April 2013

You Can Grow That! April 2013: Catmint

Walker's Low catmint. Photo courtesy Stephen Still/Perennial Plant Association

Season-long flowers, attractive gray-green foliage, fragrance and a forgiving nature equal high marks when it comes to catmint in the garden.

Thirty types of catmint (Nepeta) were grown and evaluated by the Chicago Botanic Garden from 1999 to 2006 in average conditions to mimic what the perennial likely will experience in the home garden. The plants got 10 hours of summer sun a day and were planted in well-drained, slightly alkaline (7.4 pH) soil that was amended with composted leaves. They were watered as needed, but not fertilized. There was little to no insect or disease problems.

The catmints were not routinely cut back after their first flush of flowers and most of them rebounded into more blooms within a few weeks. They also are fairly drought tolerant, once established. They do well in perennials beds, as a border or in rock gardens. They attract hummingbirds, butterflies and other pollinating insects. Although a member of the mint family, most garden catmints are not considered invasive. True catmint (Nepeta cataria) can be invasive.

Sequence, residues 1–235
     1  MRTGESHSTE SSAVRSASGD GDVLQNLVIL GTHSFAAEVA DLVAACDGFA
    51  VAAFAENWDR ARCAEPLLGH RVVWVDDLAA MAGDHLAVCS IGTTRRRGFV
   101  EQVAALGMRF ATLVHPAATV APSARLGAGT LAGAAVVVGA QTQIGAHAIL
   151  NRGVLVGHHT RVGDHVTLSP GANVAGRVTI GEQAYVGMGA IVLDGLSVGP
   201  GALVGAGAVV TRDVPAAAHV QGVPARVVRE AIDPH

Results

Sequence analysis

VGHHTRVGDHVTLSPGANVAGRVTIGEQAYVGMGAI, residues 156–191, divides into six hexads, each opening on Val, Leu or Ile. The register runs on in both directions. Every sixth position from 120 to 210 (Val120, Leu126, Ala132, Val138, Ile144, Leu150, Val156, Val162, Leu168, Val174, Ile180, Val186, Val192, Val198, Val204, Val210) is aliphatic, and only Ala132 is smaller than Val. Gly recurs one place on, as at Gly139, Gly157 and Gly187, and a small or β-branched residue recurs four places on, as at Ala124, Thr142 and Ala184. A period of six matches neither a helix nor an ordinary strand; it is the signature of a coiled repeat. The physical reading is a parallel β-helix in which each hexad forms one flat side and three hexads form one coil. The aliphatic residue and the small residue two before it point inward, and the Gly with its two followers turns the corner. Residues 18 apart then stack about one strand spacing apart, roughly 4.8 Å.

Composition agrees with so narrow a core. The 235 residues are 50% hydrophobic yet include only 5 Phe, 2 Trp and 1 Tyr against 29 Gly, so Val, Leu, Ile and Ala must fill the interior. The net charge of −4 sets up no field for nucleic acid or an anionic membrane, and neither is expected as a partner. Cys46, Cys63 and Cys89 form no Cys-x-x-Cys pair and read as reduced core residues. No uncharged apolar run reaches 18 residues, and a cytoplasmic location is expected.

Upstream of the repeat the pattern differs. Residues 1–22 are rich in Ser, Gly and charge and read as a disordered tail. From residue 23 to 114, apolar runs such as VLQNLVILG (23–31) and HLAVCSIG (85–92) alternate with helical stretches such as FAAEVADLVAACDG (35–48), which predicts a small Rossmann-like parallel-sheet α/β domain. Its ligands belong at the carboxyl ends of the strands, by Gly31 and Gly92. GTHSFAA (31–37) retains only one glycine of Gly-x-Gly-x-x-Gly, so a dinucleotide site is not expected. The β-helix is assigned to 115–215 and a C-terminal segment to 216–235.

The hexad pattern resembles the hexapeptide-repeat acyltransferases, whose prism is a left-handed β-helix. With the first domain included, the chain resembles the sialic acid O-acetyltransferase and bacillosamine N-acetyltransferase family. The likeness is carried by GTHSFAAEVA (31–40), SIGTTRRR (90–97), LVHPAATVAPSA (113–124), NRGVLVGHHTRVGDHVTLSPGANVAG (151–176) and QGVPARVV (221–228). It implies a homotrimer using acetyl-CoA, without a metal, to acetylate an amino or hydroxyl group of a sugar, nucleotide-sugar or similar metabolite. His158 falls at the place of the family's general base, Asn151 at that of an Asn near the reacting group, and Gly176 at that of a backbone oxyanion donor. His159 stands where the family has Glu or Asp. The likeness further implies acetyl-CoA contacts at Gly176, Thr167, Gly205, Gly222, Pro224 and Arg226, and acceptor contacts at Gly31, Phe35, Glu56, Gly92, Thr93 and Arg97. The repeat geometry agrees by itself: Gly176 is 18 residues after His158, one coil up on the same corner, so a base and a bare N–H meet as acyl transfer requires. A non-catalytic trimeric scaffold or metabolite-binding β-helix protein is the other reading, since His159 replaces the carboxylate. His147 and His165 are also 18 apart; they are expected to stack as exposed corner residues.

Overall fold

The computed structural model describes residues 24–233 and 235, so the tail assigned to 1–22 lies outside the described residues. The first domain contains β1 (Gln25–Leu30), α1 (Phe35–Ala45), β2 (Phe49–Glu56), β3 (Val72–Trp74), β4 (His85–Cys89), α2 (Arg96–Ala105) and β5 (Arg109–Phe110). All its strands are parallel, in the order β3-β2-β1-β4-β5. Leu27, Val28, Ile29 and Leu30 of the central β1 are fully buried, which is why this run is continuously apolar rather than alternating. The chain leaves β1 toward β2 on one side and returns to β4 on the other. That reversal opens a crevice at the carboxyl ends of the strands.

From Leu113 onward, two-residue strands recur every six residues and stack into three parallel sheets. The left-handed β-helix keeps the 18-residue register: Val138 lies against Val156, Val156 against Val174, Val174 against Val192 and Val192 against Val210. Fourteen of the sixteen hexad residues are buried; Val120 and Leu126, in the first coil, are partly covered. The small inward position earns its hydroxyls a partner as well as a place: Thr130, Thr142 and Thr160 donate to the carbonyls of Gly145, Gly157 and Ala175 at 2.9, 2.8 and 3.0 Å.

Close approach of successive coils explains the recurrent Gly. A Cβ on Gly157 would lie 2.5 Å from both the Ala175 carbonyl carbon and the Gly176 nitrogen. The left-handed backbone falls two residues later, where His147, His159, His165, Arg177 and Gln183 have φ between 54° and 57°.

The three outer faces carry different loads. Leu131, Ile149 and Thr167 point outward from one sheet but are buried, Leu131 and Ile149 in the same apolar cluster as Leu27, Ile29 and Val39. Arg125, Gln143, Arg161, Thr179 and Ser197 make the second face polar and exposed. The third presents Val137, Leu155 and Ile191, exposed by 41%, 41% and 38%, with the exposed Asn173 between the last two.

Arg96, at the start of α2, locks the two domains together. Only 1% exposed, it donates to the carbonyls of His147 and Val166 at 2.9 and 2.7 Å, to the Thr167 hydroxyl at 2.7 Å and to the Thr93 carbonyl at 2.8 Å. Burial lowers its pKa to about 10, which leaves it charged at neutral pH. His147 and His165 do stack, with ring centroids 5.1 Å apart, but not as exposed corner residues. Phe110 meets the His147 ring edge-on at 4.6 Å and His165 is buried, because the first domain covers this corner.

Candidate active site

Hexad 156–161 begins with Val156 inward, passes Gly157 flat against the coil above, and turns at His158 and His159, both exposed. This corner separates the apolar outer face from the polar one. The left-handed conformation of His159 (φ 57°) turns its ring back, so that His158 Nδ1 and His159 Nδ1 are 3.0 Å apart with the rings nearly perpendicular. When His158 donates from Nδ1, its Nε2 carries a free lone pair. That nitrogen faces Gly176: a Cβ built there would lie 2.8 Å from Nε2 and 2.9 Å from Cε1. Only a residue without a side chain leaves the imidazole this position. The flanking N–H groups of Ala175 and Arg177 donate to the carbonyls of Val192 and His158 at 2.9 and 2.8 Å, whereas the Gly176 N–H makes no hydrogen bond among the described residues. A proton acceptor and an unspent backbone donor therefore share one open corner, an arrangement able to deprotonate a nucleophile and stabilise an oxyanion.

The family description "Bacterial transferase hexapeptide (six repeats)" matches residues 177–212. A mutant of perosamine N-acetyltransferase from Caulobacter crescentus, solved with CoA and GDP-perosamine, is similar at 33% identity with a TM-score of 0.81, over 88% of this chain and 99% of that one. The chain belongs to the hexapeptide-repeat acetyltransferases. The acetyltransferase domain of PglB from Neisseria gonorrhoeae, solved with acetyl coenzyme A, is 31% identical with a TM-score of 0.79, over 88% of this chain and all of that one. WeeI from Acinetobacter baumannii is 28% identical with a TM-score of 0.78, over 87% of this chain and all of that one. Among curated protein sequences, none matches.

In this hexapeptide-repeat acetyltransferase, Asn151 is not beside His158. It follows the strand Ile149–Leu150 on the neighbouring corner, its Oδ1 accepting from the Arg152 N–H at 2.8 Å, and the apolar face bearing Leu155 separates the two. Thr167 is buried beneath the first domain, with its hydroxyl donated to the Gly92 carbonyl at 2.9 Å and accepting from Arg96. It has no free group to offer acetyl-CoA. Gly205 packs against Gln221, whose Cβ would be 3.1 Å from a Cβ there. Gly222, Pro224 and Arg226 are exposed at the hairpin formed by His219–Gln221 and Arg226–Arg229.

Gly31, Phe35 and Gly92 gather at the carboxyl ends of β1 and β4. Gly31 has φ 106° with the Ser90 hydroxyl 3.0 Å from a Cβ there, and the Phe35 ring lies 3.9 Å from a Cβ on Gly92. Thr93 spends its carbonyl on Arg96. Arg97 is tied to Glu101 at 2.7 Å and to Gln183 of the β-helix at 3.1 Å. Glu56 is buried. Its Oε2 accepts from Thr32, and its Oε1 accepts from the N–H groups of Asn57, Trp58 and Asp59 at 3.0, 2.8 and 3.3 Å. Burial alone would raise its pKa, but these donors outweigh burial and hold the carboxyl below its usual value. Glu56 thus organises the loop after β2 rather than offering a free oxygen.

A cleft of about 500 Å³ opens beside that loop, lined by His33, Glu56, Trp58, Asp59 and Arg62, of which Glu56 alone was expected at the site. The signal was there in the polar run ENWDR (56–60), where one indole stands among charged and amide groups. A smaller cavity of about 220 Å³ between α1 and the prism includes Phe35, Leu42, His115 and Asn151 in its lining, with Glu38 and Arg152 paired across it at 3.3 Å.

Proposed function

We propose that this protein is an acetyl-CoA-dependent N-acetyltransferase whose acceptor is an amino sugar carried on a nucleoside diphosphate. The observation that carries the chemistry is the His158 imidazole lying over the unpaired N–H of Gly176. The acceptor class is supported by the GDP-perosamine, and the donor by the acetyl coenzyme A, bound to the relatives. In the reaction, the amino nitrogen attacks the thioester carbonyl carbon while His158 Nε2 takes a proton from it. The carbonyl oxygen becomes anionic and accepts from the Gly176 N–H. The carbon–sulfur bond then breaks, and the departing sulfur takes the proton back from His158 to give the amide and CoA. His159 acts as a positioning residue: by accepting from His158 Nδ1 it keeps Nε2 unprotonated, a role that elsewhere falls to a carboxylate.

Catmint leaves have nepetalactone “an essential oil, which, when vaporized triggers a variety of behavioral responses in cats. The narcotic effect of catmint affects cats differently, causing them to become mellow, frisky or aggressive. Rubbing, licking or biting the leaves releases the vapors that produce the short-lived high, while eating the leaves may act as a sedative. By all accounts, true catnip, Nepeta cataria, is particularly intoxicating, but several other common catmints also attract cats,” wrote Richard G. Hawke, plant evaluation manager at the Chicago Botanic Garden.

Twenty-two of the 30 catmints evaluated rated well in flower production, robust plant habits, good health and winter hardiness. Here’s a rundown of those with excellent performance:

‘Joanna Reed,’ has lavender-blue flowers and blooms from May through late October. It has dusty-green leaves and gets 24 inches tall and 48 inches wide. It “was one of the tidiest because its stems did not flop and new growth quickly concealed the declining flower stems.”

‘Six Hills Giant’ has gray-green foliage and lavender-blue flowers that bloom from early June into October. It gets about 30 inches tall and 48 inches wide.

‘Select Blue’ has lavender flowers and dusty-green leaves. It blooms from May into September and gets about 14 inches tall and 30 inches wide.

‘Walker’s Low’ has gray-green foliage and gets about 30 inches tall, 36 inches wide. Named by the Perennial Plant Association as its 2007 plant of the year, it has lavender-blue blooms from May through late September.